Saturday, December 29, 2018

A person is a composite of the times they live through

A person is a composite of the times they live through — a combination of the events they have witnessed or taken part in, whether willingly or not; a collection of dreams and thoughts, whether their own or strangers'; a concoction of deeds done by themselves and others, whether friends or enemies; a compilation of stories remembered or forgotten, from distant parts or the next room — and every time an event or idea touches them, affects their existence, rocks their little world and the wider one too, a stone is added to the structure that they are destined to become [...] They will only be complete when there is nothing left of them but ruins.
I started reading CoDex 1962, by Sjón, as I was flying to Iceland, anticipating a quintessentially Icelandic epic. Imagine my disorientation to find myself in an "old-world" German village.

The first book of this trilogy is a fairy-tale love story, and it won me over entirely. A young woman nurses back to health an unexpected guest at the guesthouse where she works — Leo, a Jew fleeing from Nazis. Together they mould a baby out of clay.

The second book proclaims itself a crime story, but while the events are driven by a couple of crimes, it didn't convey the tone of crime genre at all. It did introduce a host of new characters, and felt a bit madcap. Leo has kept his lump of clay moist with goat's milk. He emigrates to Iceland, learns Icelandic, and gains citizenship after much debate over a state-approved name. He enlists the aid of a Russian spy and an American boxer to regain possession of the gold in a werewolf stamp dealer's tooth required to complete the alchemy of the golem. His son Josef will finally be born in 1962.

The third book is allegedly a science fiction story, but I struggle to find sci-fi elements in it beyond the genetics factor. It's a bit fantastical, and there's something like a Greek chorus happening.

I managed to finish this novel just hours before my library copy expired. I regret that I didn't have time to review the passages I'd noted. I loved sections of this book, many of the seemingly incidental anecdotes. Parts of it failed to keep my attention from wandering (I'm pretty sure it's not you, CoDex 1962, it's me — I have a lot going on in my head these days). And I'm still having trouble making sense of the novel as a whole.

I liked it well enough that I want to read it again. I liked its weirdness.

Reviews invoke Kafka, Borges, Bulgakov, Bruno Schulz, Günter Grass, Laurence Sterne. "Bosch meets Chagall, with touches of Tarantino." I say, Schulz yes, Grass probably.

I'm thinking Bolaño via Wim Wenders.

The third part is redolent of the fourth part of Bolaño's 2666. Minus the horror. It's the litany of deaths it recounts. (And some of the conceptions and deaths are a bit gruesome.) It's numbing. It lists birth and death dates for every girl and boy born in 1962. Many of the deaths occur within days of birth. The number of people who make it through adolescence into full adulthood dwindles. Most of this book consists of interviews with adults born in 1962.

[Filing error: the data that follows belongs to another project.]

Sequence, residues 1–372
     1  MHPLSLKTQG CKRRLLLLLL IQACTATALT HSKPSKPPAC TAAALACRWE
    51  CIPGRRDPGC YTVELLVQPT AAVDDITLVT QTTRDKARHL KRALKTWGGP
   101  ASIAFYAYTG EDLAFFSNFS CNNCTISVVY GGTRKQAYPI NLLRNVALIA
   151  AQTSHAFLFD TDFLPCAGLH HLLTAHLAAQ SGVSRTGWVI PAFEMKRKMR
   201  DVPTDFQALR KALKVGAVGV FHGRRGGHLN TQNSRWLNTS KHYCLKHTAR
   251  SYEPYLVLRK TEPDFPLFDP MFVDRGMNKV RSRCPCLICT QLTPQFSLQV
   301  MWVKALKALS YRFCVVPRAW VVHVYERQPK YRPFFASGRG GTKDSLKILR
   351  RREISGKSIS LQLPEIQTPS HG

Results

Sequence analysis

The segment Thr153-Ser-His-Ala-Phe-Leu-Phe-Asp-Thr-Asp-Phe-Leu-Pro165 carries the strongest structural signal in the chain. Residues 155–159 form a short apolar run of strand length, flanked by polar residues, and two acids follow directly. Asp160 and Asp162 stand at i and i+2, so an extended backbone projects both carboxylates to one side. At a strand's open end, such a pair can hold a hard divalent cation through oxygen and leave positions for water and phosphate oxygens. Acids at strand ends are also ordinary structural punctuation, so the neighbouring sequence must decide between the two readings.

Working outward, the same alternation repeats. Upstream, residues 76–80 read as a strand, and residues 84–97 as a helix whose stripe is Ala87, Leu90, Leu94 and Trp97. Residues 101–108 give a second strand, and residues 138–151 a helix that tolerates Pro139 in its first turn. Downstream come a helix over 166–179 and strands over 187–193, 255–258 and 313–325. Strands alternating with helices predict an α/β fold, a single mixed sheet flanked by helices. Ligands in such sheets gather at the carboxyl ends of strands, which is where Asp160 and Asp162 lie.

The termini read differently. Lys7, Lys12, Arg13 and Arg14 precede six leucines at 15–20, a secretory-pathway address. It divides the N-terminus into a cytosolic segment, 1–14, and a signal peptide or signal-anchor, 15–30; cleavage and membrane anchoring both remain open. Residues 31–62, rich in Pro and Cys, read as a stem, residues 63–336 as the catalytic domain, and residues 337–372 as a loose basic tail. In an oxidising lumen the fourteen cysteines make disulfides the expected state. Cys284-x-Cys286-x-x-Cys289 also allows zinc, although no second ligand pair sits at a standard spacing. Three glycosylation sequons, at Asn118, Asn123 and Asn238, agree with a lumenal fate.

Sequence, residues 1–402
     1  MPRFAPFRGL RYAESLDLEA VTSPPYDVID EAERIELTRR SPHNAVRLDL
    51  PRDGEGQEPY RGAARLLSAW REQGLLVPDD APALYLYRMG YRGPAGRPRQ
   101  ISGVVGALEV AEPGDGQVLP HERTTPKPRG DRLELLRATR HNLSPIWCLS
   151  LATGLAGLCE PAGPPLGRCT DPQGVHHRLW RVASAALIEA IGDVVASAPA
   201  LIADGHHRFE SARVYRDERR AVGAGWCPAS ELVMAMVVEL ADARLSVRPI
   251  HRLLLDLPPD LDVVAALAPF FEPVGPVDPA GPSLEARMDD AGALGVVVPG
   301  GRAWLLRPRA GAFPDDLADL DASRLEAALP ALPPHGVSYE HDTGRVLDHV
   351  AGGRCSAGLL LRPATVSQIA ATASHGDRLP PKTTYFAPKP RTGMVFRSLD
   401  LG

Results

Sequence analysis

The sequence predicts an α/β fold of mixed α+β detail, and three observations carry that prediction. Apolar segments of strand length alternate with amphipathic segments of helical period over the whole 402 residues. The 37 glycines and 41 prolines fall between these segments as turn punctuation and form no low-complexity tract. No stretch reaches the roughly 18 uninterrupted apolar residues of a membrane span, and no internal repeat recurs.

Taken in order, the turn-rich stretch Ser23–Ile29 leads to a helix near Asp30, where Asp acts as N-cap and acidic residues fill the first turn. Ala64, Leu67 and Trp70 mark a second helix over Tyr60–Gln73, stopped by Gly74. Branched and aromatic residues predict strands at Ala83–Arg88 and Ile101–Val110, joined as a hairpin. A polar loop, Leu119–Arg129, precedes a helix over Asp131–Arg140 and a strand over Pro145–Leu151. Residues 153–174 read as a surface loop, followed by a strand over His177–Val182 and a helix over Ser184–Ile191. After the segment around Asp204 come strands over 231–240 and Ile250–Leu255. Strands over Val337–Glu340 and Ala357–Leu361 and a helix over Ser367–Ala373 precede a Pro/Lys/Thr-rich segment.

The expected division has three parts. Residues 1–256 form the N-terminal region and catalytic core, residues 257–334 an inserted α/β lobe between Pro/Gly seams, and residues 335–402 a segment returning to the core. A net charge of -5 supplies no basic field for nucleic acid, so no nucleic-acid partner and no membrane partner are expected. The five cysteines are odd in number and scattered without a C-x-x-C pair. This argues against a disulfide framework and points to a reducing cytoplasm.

There are plenty of angels throughout the trilogy, including most prominently the Archangel Gabriel (charged with heralding the Apocalypse), which have a very Wings of Desire vibe — their role is to observe, bear witness (and in so doing possibly ease suffering or at least the pain of existence?).

I'm not sure what the overall takeaway is. The book is narrated by (mostly?) Josef with frequent interruptions (I'm not sure by whom), and meta commentary on the nature of storytelling and narrative structure. We all have a story to tell, and every story is the story of everything.

Full Stop: CoDex 1962 – Sjón
For Sjón, one man’s story is more than the story of his own life. It is the story of Iceland, heaven and hell, or even the entire world. And in creating such a convoluted narrative, he weaves more subtle threads throughout the work that tie the novels together, around more elusive ideas than plot and genre: the nature of the soul, the purpose of storytelling, and the place of the generation born in 1962, the year that Sjón and Jósef were born.
Guardian: CoDex 1962 by Sjón review – a wild odyssey from the Icelandic trickster
Sjón is also instructing the reader, and this authorial awareness of the art of storytelling is evident throughout, not as a flaw but rather as a consolidation of his weirdly cohesive attention to detail. The reader will also require patience.
Los Angeles Review of Books: The Whole Human Tapestry: Sjón's Sprawling CoDex 1962 Trilogy
CoDex 1962 records many genres, modes of feeling, and personal histories. It splits its attentions unevenly between Leo, Jósef, and a handful of other characters, and it does not resolve many of its conflicts. However, the sprawl of the trilogy, the messiness, the tonal contradictions, the storytelling that often confuses and occasionally bores — all these qualities offer a window into the broader human story that a novel coloring strictly inside the lines could never achieve. It's a risky, funny, sexy, entirely unique book, and its odd corners make it easier to love.
New York Times: An Epic From Iceland, Complete With Unicorns, Angels and a Stamp-Collecting Werewolf
This book is a Norse Arabian Nights. Each section is a honeycomb. Stories are nested in stories and crack open to reveal rumor and anecdote, prose poems, tendrils of myth. This abundance isn’t an empty show of virtuosity but rooted in Sjon’s belief in the power and obligation of old-fashioned storytelling.
Interview (CBC: Writers and Company)


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